Child Health

Vaccines, Preventable Diseases and Children’s Health: A Call to Action

I’ve never forgotten my family’s sadness over the senseless death of my childhood neighbor little Johnny Harrington, who lived three houses down from our church parsonage in segregated Bennettsville, South Carolina. Johnny stepped on a rusted nail and died of the resulting tetanus infection because his hard-working grandmother had no doctor to advise her nor the money to pay for health care. Over the last four decades the Children’s Defense Fund (CDF) has fought alongside many others to champion policies and programs that work to ensure every child in America gets vaccinated against preventable diseases like tetanus, polio, and measles.

Yet in 2019 headlines like “New U.S. measles cases break 25-year-old record” are creating fear and worry, especially among parents. How can it be that we are seeing more and more outbreaks of a disease declared eliminated in the United States nearly two decades ago? The answer involves a web of linked factors: the spread of misinformation and falsehoods by a small but vocal number of vaccine opponents, gaps in vaccination coverage, and a national and global increase in outbreaks of vaccine preventable diseases (VPDs). The U.S. has already recorded well over 1,000 cases of measles this year—most of them occurring in children. As we explain in a new brief, this growing crisis is putting our children at risk and must be stopped.

The facts are simple: Vaccines are safe. They are highly effective. They are supported by every major American medical society and government agency and are a routine part of pediatric care. Yet the growing number of VPD outbreaks suggests more must be done to support immunization and halt the spread of serious—and potentially deadly—diseases. The bottom line is that to stop the spread of measles and other serious diseases, parents must have access to factual information from trusted sources to combat fraudulent information spread by the anti-vaccination movement in the U.S. and around the world. To ensure that parents are equipped with the facts, health care providers, educators, children’s groups, policymakers and faith leaders must be vocal advocates for vaccinations, and policies must support vaccination and limit exemptions only to those with legitimate medical reasons.

Why are vaccines so important? Vaccines save lives and protect against long-term health consequences. They reduce disability and suffering, contribute to longer life expectancy, and help lower health disparities, and they are one of the greatest successes in public health and modern medicine. From 1994 to 2016, childhood immunizations prevented an estimated 281 million child illnesses, 855,000 child deaths, and nearly $1.65 trillion in health care costs. Every dollar invested in vaccination yields $3 in direct benefits and $10 in benefits when societal costs are included. They also save money for states and localities, which shoulder the often high cost of tracking and treating those who are infected. For instance, measles costs an average of $32,000 per case.

Measles is a very good case study in the benefits of vaccines. Before the vaccine was introduced in 1963, measles killed approximately 400-500 American children every year. According to the World Health Organization (WHO), measles has been eliminated in all of the Americas, from Canada to Chile, although both the U.S. and Venezuela are now currently experiencing outbreaks. However, measles remains endemic elsewhere in the world, including Europe, Asia, the Pacific, and Africa. About 10 million people are infected each year and almost 110,000 die, mostly children under age five. Measles can result in severe and lifelong health consequences for those who do survive. It is also highly contagious—so much so that an unvaccinated person walking through a room up to two hours after someone with measles has left has about a 90 percent chance of getting sick. The very young face heightened risk: most infants do not get their first measles vaccine until they are about one year old, and the consequences of infection can be particularly severe in babies and young children. A third of all measles cases in the current U.S. outbreaks occurred in children younger than five, and most were children under age 18 who had not been fully vaccinated.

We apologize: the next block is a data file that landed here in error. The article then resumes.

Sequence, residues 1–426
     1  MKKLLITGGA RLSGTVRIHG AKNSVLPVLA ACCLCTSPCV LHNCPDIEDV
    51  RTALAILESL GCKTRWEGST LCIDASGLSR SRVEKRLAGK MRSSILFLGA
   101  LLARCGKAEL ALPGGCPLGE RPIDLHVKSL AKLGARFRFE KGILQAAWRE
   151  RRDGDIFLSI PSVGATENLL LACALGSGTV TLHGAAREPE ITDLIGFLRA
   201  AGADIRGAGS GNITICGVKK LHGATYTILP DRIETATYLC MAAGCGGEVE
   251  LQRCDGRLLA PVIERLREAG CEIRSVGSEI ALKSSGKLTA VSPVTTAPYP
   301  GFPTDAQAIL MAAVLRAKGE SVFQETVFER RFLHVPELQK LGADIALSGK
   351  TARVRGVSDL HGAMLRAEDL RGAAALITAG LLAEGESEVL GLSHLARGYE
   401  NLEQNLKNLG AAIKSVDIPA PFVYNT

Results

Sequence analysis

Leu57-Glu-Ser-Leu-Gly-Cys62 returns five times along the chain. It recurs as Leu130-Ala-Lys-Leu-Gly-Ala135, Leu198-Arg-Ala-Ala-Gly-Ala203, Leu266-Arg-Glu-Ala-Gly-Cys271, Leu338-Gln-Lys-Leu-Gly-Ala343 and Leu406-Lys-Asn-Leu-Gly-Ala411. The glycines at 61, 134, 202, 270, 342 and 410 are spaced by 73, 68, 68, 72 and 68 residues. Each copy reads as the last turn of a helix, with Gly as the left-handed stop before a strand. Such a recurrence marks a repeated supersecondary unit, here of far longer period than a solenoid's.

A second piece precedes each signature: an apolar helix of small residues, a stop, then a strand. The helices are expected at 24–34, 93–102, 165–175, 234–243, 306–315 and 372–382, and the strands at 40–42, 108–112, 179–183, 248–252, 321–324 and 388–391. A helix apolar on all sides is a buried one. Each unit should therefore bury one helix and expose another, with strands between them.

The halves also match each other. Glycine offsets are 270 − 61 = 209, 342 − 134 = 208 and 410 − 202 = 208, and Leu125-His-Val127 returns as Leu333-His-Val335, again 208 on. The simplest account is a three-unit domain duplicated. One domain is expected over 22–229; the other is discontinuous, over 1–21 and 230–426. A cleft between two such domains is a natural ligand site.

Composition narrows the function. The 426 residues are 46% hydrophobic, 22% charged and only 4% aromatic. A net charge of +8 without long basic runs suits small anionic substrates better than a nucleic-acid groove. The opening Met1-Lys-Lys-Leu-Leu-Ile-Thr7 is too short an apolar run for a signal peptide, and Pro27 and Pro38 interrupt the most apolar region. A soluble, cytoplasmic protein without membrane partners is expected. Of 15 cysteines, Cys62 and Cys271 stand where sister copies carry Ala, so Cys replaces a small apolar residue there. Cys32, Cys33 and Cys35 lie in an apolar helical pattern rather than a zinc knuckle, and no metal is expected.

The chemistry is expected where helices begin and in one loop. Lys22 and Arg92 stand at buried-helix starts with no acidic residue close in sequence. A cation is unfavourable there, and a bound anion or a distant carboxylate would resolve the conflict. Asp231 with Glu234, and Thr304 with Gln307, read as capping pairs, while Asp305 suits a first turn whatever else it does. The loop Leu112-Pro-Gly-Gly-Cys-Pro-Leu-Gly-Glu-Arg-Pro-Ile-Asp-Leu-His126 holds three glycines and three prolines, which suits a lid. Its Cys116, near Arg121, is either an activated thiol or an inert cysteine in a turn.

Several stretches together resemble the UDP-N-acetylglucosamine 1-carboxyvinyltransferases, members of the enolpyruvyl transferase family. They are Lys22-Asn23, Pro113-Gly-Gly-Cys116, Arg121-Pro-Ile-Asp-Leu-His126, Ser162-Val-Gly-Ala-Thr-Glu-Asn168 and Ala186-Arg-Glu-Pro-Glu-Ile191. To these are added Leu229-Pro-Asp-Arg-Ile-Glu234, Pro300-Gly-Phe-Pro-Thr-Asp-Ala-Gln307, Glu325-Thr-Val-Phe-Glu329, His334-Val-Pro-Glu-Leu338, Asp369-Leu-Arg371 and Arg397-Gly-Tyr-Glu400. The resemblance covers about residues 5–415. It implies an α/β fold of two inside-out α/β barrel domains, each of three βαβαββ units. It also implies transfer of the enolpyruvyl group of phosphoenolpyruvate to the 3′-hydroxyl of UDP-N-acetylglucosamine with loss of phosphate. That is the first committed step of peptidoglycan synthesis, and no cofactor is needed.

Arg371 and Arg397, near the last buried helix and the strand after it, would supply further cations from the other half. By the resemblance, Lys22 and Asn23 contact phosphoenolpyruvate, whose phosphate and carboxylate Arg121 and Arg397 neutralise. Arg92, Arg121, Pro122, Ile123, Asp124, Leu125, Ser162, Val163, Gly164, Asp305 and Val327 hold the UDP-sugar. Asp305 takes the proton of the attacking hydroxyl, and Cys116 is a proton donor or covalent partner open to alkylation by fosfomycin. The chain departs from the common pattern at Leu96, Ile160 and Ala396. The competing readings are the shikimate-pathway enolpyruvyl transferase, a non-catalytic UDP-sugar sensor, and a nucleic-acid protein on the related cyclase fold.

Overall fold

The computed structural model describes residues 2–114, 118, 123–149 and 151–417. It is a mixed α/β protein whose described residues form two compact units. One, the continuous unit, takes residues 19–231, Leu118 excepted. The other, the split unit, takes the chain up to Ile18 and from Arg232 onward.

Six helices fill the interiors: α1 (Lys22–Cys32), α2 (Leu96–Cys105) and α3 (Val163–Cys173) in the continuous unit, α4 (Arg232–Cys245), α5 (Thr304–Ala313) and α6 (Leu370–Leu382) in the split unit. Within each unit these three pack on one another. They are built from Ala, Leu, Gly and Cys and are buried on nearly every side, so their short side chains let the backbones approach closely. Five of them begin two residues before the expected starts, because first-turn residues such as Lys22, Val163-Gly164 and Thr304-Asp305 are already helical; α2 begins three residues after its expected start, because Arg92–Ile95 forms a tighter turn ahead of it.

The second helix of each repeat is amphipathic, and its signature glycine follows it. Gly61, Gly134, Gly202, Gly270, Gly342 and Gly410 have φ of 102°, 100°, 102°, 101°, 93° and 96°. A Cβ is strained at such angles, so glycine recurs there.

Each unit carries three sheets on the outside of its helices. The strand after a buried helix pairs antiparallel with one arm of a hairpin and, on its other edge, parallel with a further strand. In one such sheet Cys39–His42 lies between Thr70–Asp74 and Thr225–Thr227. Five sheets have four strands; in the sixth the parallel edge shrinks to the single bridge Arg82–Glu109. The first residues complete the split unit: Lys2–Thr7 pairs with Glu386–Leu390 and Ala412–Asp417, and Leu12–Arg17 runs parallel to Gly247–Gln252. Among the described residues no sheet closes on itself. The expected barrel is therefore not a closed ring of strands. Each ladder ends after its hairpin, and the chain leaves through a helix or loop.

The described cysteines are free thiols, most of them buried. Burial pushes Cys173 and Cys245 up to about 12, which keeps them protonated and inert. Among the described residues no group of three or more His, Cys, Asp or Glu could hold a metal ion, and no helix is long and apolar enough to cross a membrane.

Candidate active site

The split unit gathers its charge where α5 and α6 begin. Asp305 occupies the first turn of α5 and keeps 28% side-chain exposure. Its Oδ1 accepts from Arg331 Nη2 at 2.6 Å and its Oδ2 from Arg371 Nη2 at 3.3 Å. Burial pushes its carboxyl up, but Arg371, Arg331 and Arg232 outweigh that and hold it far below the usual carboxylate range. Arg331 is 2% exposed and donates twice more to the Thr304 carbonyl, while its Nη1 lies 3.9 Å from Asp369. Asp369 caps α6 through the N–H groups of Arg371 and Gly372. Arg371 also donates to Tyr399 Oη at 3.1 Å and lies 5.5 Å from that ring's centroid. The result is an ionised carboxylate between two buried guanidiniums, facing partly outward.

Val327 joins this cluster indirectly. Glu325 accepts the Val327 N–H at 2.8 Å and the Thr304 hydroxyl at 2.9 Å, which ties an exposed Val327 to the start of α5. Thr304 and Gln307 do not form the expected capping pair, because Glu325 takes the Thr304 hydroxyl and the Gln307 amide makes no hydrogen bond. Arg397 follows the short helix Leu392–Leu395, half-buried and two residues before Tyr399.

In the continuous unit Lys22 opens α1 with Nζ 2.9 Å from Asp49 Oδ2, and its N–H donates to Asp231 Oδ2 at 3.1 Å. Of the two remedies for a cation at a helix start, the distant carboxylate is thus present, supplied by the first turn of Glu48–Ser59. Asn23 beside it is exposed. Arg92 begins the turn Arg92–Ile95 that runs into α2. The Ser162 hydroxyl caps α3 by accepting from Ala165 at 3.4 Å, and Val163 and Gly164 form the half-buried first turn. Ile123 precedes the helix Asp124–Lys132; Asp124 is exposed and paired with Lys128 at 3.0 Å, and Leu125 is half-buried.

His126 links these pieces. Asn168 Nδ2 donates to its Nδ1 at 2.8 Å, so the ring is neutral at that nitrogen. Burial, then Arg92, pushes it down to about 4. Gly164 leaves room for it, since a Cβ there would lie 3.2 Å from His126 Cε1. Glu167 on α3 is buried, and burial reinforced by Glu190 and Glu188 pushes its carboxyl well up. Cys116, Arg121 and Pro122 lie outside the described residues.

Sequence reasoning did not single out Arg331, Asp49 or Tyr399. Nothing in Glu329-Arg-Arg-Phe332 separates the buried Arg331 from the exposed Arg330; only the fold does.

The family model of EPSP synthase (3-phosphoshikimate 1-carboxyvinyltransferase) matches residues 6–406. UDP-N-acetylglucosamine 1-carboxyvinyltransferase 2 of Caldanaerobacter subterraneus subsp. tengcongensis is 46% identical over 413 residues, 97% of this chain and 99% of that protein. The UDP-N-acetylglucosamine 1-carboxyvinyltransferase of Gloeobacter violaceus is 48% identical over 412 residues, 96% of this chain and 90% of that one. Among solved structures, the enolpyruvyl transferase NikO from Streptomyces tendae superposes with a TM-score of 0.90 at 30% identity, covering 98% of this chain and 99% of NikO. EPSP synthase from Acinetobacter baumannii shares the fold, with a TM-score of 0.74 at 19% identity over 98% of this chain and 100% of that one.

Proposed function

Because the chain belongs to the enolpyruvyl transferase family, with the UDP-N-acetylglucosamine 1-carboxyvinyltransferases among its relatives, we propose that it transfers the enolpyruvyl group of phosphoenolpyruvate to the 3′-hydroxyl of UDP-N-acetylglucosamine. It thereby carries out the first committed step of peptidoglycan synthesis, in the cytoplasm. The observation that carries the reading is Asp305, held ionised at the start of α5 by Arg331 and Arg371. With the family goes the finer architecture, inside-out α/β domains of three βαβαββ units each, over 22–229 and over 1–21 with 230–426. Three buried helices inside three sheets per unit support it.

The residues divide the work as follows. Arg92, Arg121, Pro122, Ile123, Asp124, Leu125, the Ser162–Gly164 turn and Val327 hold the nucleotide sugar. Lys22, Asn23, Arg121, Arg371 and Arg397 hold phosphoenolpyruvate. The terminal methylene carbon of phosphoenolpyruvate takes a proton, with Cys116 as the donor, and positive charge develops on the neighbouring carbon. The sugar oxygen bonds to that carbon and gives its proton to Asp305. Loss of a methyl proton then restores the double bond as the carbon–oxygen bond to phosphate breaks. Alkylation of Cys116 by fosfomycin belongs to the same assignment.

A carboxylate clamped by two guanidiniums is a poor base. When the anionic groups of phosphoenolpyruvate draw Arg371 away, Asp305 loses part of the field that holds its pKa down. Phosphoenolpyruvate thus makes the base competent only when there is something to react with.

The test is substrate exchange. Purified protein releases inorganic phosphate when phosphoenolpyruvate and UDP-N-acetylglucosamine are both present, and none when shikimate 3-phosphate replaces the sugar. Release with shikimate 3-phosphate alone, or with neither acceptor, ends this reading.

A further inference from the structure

Yet despite all the conclusive evidence that vaccinations are safe and protect against dangerous diseases, small groups of people in the U.S. and around the world choose to forgo some or all vaccines for themselves and their children, putting their children, families and communities at risk. This trend towards vaccine hesitancy and refusal has grown globally in recent years as misinformation about the safety of vaccines and the severity of VPDs shared by members of the anti-vaccination or “anti-vax” movement on the internet and social media have sown seeds of doubt in parents around the world. But we must not allow misinformation and fear to drag a new generation of children backwards into danger.

With the start of a new school year around the corner, it’s critical for parents and guardians to make sure their children are up to date on vaccines. That’s why along with our new brief, we created a family-friendly guide for parents, families, educators and anyone else who wants to understand vaccines, how they work, why they are safe and effective and how they protect our children from preventable illness or even death. Please read and share widely. The science is clear: vaccines work. Vaccine preventable diseases are dangerous and can be deadly. Quick action must be taken on multiple fronts to slow, halt, or eliminate disease outbreaks in the U.S. and abroad. Our children’s lives depend on it.